The issue with F1 Race Stars was that it was trying to blend very opposite ends of the racing spectrum in an attempt to appeal to both sides. On the one hand, you had the people who are F1 fans who would prefer the more realistically-based handling models as appose to full on arcade games.

On the other hand, there were those who didn’t have the slightest clue how to be quick in those sort of games motorsport fans lean more towards, and preferred the chaos of something like a Mario Kart game. These players didn’t care for realism.

The design of all the drivers
The design of all the drivers is pretty spot. Photo credit: Codemasters

This attempt to ride the thin line between both sides is most apparent when it comes to taking corners in the game. The developers didn’t want to go down the same route as a majority of kart games where you drift around a corner to go faster because as we all know, drifting isn’t faster in real motorsport.

Instead, Codemasters went with a rather understeer-inducing handling model which was not enjoyable at all. This was rectified in the iOS version of the game – which featured the 2013 drivers and teams line-up – as they reverted to a drifting handling model. The reason for not wanting a drifting handling model is understandable but what they went with was not the right solution.

Should they make a new one?

Yes, they absolutely should have another crack at it. Especially now that F1 has entered a new digital age with personalities who are directly involved in the gaming and streaming scene like Lando Norris and Charles Leclerc. However they should make improvements.

The design of the characters, environments and all the power-ups don’t need to be changed. However, the controls could use a makeover to cater to the needs of arcade fans who are not used to hitting the apex correctly: instead of the understeer-heavy handling model or drifting, the same button that’s usually used to drift in a Mario Kart for instance, could be employed to help the car turn further into a corner. That would make it so much better.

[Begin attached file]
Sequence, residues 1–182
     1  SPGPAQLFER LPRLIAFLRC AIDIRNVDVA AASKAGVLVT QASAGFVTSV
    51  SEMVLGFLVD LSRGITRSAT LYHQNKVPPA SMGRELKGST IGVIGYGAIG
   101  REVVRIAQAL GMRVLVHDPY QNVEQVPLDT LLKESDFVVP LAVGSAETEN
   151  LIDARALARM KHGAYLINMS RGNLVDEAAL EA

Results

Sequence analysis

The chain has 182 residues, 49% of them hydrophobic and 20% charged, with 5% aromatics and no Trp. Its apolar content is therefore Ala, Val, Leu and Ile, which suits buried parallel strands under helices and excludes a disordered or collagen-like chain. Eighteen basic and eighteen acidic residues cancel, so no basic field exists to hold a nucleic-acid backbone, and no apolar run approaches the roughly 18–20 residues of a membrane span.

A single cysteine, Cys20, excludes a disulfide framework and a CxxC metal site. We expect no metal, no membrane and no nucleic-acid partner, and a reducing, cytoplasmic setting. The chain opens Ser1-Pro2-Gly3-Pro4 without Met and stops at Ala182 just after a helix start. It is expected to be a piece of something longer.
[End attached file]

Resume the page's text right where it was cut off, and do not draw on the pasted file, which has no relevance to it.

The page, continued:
Maybe F1 Race Stars will not be an annual release like the core-game series but at the very least it would be great to have at least one game per every generation of gaming console. So right now, we could have a follow-up for PlayStation 5, Xbox Series X/S and Nintendo Switch.

It won’t sell so well to warrant a yearly release since the F1 and motorsport fans will have the F1 games among other various motorsport titles, and the kart arcade community will have a plethora of other games like Mario Kart and Crash Team Racing to satisfy them. But you can’t deny the appeal that F1 Race Stars has and let’s hope that Codemasters can see the everlasting impact this game had on the F1 gaming community and be compelled to make a sequel.

If you haven’t played F1 Race Stars, you should. You can play it on Xbox 360, PlayStation 3, PC, Nintendo Wii U and on your Apple devices.

What would you like in a new F1 Race Stars game? Tell us on Twitter at @OverTake_gg or in the comments down below!